I am not usually of the habit of analyzing reports that are based on political groupings inside the country. Without a doubt, this report has both positive and negative points. Let’s not forget that the so-called PMD case is as old as about a decade and has turned into one of the most controversial nuclear debates in history of the International Atomic Energy Agency. However, the new report released by Yukiya Amano, along with positions taken by the US Department of State, show that the report has been drawn up with the goal of showing peaceful nature of Iran’s current nuclear program and aims to close Iran’s nuclear case.
This means that even the most complicated international cases can be settled or almost closed through dialogue and negotiation. Through this report, after a decade of controversy and building case against Iran, the International Atomic Energy Agency has emphasized that the country’s atomic activities have been never diverted toward making [nuclear] bomb.
In the meantime, Washington is the first country that has announced that this report by IAEA is enough to close the so-called PMD case and the adequacy of investigations in this regard will be soon announced through the vote of the [IAEA’s] Board of Governors. Such a position taken by Americans is not out of friendship and compassion toward Iran because a degree of hostility and mutual distrust still exists between the United States and Iran, and this has been always evident to everybody. However, the change in the US government’s position in addition to the failure of Israel, the radical domestic faction in the United States, and hostile Arab countries are all the result of the smart strategy and the large-scale approach that have been diligently pursued during the past two decades at various official and public diplomatic levels.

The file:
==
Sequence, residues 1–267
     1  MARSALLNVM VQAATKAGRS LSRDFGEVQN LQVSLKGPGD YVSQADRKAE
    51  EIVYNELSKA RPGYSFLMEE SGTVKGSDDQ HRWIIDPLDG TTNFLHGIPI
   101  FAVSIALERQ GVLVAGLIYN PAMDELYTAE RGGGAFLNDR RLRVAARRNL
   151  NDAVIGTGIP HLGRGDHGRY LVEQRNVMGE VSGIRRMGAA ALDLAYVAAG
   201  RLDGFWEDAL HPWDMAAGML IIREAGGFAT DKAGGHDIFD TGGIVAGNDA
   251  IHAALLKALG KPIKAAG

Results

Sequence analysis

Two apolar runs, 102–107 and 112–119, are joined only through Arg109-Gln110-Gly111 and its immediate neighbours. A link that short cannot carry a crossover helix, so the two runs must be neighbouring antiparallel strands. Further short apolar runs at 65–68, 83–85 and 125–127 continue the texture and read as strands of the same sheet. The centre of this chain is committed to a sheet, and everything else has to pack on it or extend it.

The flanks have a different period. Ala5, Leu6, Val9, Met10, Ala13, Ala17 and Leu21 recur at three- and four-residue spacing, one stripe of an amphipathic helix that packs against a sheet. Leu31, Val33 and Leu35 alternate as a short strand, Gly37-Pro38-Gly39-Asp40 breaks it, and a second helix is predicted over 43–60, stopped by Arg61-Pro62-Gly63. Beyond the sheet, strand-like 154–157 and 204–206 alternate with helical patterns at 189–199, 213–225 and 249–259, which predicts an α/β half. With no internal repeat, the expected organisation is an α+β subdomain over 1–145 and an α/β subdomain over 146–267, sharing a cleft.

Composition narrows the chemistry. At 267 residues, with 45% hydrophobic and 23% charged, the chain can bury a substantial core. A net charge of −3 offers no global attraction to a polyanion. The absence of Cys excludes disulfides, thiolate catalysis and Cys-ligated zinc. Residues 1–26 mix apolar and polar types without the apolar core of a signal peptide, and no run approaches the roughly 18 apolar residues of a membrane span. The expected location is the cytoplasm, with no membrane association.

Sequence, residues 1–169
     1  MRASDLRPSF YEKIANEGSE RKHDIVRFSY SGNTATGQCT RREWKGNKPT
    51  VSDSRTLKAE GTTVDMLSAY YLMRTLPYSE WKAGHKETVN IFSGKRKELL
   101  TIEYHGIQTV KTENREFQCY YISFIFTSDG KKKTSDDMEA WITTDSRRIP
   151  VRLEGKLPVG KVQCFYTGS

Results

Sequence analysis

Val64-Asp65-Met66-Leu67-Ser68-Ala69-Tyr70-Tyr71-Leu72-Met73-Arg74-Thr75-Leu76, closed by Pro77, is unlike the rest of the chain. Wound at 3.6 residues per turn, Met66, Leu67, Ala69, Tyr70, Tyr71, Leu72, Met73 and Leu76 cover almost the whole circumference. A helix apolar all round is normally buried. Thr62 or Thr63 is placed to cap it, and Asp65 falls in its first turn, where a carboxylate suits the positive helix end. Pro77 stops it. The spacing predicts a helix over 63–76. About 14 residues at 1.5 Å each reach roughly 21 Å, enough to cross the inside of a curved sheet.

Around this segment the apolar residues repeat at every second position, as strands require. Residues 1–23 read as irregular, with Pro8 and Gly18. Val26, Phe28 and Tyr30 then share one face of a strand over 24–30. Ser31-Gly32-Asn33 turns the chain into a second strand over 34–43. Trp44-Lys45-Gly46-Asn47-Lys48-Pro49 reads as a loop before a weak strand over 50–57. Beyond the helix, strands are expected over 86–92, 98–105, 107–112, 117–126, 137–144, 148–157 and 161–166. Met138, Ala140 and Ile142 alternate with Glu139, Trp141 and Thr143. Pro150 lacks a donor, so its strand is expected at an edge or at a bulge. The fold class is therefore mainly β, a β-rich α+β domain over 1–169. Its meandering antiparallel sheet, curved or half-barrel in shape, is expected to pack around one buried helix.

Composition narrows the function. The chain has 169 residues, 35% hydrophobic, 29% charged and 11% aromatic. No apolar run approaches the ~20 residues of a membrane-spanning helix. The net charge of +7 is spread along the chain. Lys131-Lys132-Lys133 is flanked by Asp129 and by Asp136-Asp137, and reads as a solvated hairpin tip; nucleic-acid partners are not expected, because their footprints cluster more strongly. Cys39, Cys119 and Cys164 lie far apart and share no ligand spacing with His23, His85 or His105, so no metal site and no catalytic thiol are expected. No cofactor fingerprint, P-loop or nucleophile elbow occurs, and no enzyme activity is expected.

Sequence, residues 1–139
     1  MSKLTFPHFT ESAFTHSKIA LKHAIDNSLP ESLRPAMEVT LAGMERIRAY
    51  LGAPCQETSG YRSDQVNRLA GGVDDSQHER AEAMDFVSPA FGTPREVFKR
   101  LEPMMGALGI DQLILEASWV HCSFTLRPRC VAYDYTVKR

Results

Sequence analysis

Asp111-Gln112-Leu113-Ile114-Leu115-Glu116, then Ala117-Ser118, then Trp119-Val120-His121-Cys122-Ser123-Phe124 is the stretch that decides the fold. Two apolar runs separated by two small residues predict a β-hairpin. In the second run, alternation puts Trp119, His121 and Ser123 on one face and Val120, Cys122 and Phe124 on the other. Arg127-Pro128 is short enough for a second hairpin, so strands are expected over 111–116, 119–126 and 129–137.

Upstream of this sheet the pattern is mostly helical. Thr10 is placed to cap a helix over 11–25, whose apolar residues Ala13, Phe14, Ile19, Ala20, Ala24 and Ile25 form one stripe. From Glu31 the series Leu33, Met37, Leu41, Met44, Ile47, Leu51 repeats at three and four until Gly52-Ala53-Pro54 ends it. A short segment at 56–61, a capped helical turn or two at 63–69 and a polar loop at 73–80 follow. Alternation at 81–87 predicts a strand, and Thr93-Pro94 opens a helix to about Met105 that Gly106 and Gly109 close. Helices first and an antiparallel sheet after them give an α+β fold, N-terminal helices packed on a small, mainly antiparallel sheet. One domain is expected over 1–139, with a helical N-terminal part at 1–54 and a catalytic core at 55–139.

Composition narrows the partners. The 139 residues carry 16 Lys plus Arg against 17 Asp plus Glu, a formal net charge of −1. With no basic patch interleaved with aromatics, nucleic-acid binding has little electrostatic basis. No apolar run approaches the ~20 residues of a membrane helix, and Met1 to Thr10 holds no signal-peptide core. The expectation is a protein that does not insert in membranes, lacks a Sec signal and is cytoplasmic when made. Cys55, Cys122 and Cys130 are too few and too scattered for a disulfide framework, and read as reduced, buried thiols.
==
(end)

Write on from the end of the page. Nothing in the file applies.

After the so-called PMD case gets past the International Atomic Energy Agency, the member states of the P5+1 group of countries will be obligated according to Paragraph 14 of JCPOA to officially close the case of possible military dimensions of Iran’s nuclear program through the Board of Governors. This measure can be taken in the next two weeks through this IAEA report following which, the process of implementing JCPOA and removal of sanctions will begin. This process practically means that the important and historic nuclear deal has been in line with the national interests of the Islamic Republic. Thereafter, the important point will be to take advantage of the experiences and managerial achievements of the nuclear crisis for the settlement of other differences that we have with regional and global powers.
By Iran Review